Obama’s Budget: What You Need To Know

Allison Kade
Posted

Obama's BudgetSee, even the president has to budget. Earlier this week, President Obama presented a $3.7 trillion budget blueprint with his plan to cut our gigantor national debt—at the same time as he tries to maintain vital government programs. His proposal still has to pass Congress, and the Republicans are busy coming up with their own plan in the meantime.

Both are mostly political statements at this stage, since either plan will require a lot of compromise before it passes. If Obama’s plan did pass as is, the deficit would decrease to $1.1 trillion next year. This is a big deal because we all pay for the deficit–heavily–through our taxes. According to the president’s estimates for the proposed budget, the deficit would quickly fall soon after the first year, landing at about $600 billion per year through 2018.

So, here’s a summary of the major changes in President Obama’s proposal and what it could mean for you:

  • EducationCut: Year-round Pell Grants, which provided college aid to 8.9 million students in 2010, and other student aid funding. Increase: Education by 11% overall, even though, as The Washington Post says,  ”new federal spending would not come close to offsetting education cuts expected at state and local levels” even if the president wins approval for all his proposals (which is doubtful).
  • TransportationCut: Large construction grants for airports. Increase: High-speed and intercity rail services, as laid out in a new transportation bill.
  • EnvironmentCut: Funding for the Environmental Protection Agency (took a big hit: 13% cut from 2010 budget).
  • Community programs Cut: Community development programs that fund projects like housing, sewers and streets, and economic development.
  • DefenseCut: Defense spending in total. Increase: Spending in cybersecurity.
  • Big CompaniesCut: Subsidies for oil and gas companies (he wants to end them). Cut: President Obama wants to create new taxes on hedge fund managers and a $30 billion fee for financial institutions to help repay taxpayers for the big TARP bailout. Increase: Corporate research and development.
  • TechnologyIncrease: A new network that’s supposed to bring high-speed internet to 98% of Americans.
  • WomenIncrease: Child care funding at the Department of Health and Human Services, HIV care, teen pregnancy prevention, child support enforcement, help for victims of domestic violence.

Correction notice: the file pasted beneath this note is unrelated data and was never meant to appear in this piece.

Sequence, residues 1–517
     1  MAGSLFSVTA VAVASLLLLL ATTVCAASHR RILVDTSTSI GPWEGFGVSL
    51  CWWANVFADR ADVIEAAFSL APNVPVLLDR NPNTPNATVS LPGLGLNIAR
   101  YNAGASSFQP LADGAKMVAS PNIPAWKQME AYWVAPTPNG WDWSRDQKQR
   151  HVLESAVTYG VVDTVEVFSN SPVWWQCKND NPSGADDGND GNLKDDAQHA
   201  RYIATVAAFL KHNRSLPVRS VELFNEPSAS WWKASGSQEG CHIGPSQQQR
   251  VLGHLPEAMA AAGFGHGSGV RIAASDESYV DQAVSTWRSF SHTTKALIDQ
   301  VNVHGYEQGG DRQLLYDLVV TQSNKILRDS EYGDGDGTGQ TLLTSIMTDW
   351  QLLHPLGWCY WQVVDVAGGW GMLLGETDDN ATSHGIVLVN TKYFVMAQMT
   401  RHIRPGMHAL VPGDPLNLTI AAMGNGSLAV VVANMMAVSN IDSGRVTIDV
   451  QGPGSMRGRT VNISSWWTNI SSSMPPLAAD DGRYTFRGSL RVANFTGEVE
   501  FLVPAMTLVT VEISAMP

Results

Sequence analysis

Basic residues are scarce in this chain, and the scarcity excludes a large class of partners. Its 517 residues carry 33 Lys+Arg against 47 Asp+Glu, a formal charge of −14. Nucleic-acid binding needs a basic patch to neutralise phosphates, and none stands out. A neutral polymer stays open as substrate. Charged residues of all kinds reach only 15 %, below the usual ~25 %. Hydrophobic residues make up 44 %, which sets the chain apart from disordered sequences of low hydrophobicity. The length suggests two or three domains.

Obama also proposes to condense many duplicative or inefficient programs in education, transportation, and other sectors.

How this could impact you…

  • If you receive Pell Grants to help pay for education expenses: No more year-round grants, which used to let students in accelerated programs receive two Pell Grants in one year. (Normal Pell Grants will still exist.)
  • If you’re a professional or grad student, you may lose that interest-free period on your Stafford student loans when you’re in school and the grace period afterward. Undergrad Stafford loans will still be subsidized, but the debt burden on grad students would go up.
  • Plane tickets may get slightly more expensive—the cap on the “passenger facility charge” that we pay on each flight segment may rise from the current $4.50 to $7 because the government wouldn’t be subsidizing airport construction as much.
  • If you’re in a lower income bracket and live in a wintery Northern state, you may feel the chill from the cuts on heating assistance.
  • Middle income families will be protected from tax increases, while high income families (household incomes over $250,000) will feel income and estate tax increases.
  • You may notice infrastructure and community projects slow down (fewer housing projects, sewers, etc.).
  • That said, you may see high-speed and intercity trains in the future, which would be pretty incredible.
  • More Americans may gain access to high-speed internet.

Commentators speculate on whether the president’s middle-of-the-road stance and avoidance of some big issues like tax cuts and choosing other programs to get the axe is a sign that he’s pandering for reelection. Others view these measures as setting a groundwork for the real discussions.